1. Read a text for 5 minutes (time yourself)
  2. Take a minute break
  3. Now try and write down everything you can – try to remember the main points and concepts. Give yourself 5-10 minutes for this.
  4. Do not look at the text
  5. Repeat task 3 four times
  6. Now look back at your notes. Were there any things you missed or recalled incorrectly.

Read, Recite, Review

  1. Choose a text
  2. Read the text – aim for 5-10 minutes of reading
  3. Set the text aside and recite out loud all the you can remember of the main points
  4. Now review the text, targeting any gaps in your recall and comprehension revealed by the recitation.

Interleaving Practice

  • Don’t practice one skill in isolation, but mix it up with other skills you are trying to practice i.e. skill A then B, then C, returning to A again and continuing the cycle.

The following techniques are helpful ways to remember information and facts (based on an article by Willingham “What will improve a student’s memory”, 2008):

  • Create an Acronym i.e. the Great Lakes can be remembered via HOMES (Huron, Ontario, Michigan, Erie, Superior).
  • Music or rhymes – the to-be-remembered material is set to a familiar tune, set to a rhythm or made into a rhyme.
  • Method of Loci – this technique is useful for memorizing lists of unrelated items in order by committing a ‘mental walk’ to memory. Select a familiar route with clear identifiable locations on the route and then associate each item on the list with a location on the mental walk.

There are many other techniques, but these are a very good starting point. For these techniques to be used effectively, multi-tasking must be avoided. Help your child find a suitable study space away from all distractions, including electronic distractions. Using a timer for each revision period, after which your child can have a small reward i.e. a short break, a biscuit.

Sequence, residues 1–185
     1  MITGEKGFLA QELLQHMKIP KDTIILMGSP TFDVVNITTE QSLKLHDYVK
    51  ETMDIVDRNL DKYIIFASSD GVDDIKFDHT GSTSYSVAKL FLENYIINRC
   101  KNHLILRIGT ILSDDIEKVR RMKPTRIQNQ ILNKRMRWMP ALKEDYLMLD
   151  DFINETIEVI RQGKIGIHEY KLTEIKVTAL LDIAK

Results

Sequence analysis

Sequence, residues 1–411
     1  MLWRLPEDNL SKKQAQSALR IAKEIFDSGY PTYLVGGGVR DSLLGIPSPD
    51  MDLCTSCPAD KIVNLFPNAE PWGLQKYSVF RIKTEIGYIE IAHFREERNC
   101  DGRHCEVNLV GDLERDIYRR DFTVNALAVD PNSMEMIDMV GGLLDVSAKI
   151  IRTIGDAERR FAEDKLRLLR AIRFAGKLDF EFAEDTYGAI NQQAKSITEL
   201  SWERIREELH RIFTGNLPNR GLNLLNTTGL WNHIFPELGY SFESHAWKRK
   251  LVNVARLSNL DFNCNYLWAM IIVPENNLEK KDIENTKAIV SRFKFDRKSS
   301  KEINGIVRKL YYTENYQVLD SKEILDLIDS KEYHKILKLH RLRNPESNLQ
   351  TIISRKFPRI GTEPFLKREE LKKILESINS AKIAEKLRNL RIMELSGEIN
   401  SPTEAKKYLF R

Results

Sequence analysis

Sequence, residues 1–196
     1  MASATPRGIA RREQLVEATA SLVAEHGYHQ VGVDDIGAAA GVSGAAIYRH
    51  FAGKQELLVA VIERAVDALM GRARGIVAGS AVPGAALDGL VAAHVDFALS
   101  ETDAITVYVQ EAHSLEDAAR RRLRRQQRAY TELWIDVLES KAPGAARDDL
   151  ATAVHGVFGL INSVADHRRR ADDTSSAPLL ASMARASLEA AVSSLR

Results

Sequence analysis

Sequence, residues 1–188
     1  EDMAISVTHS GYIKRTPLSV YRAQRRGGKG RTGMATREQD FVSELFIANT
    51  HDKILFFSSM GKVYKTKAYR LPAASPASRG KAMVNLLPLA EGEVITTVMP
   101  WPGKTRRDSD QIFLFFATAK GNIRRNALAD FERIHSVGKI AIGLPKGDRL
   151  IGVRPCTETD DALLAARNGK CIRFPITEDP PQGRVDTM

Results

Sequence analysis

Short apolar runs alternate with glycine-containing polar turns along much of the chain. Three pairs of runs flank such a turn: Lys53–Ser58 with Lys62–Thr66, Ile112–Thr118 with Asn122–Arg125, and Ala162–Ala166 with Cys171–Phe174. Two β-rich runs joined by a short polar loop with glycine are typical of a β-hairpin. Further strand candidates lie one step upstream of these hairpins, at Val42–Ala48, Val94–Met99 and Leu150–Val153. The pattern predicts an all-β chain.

Please encourage your children to follow the advice shared as it is proven to be an effective way to revise. In addition to this, you can support them in a number of other ways:

  • Take an interest in your child’s work. Find out what grades they achieved in their mock examinations / most recent assessments and discuss with them what they need to do to improve this further.
  • Support your child as he / she prepares a clear revision schedule. Ensure that time is devoted to all subjects and topics. Revision should start early and cramming should be avoided.
  • Ensure your child eats a healthy diet. Research indicates that diet can play an important role in aiding levels of concentration, which in turn helps learning and revision.
  • Ensure your child undertakes regular exercise. This also will help aid concentration and focus during revision times.
  • Make sure that time for some relaxation is built into the schedule. Whilst some pressure and stress can be very motivating, too much can inhibit the ability to learn and retain information. Helping your child get the balance right is very important.
  • Ensure that your child gets plenty of sleep. Students aged between 15 and 18 need between 7 and 8 hours a night. This sleep will be most beneficial if your child is relaxed before going to sleep. Try to avoid completing school work and using mobile technology before going to bed as this can affect the quality of sleep. Recreational reading for 20-30 minutes is a good way to relax and ensure that sleep is productive.
  • Encourage your child to contact their subject teacher if they need additional support with a particular topic or question.

We hope that this information will help you as parents to support your children with their study skills. Revising effectively, eating well, exercising regularly and sleeping well, will all give your children the best chance of academic success.

Next week is Week A.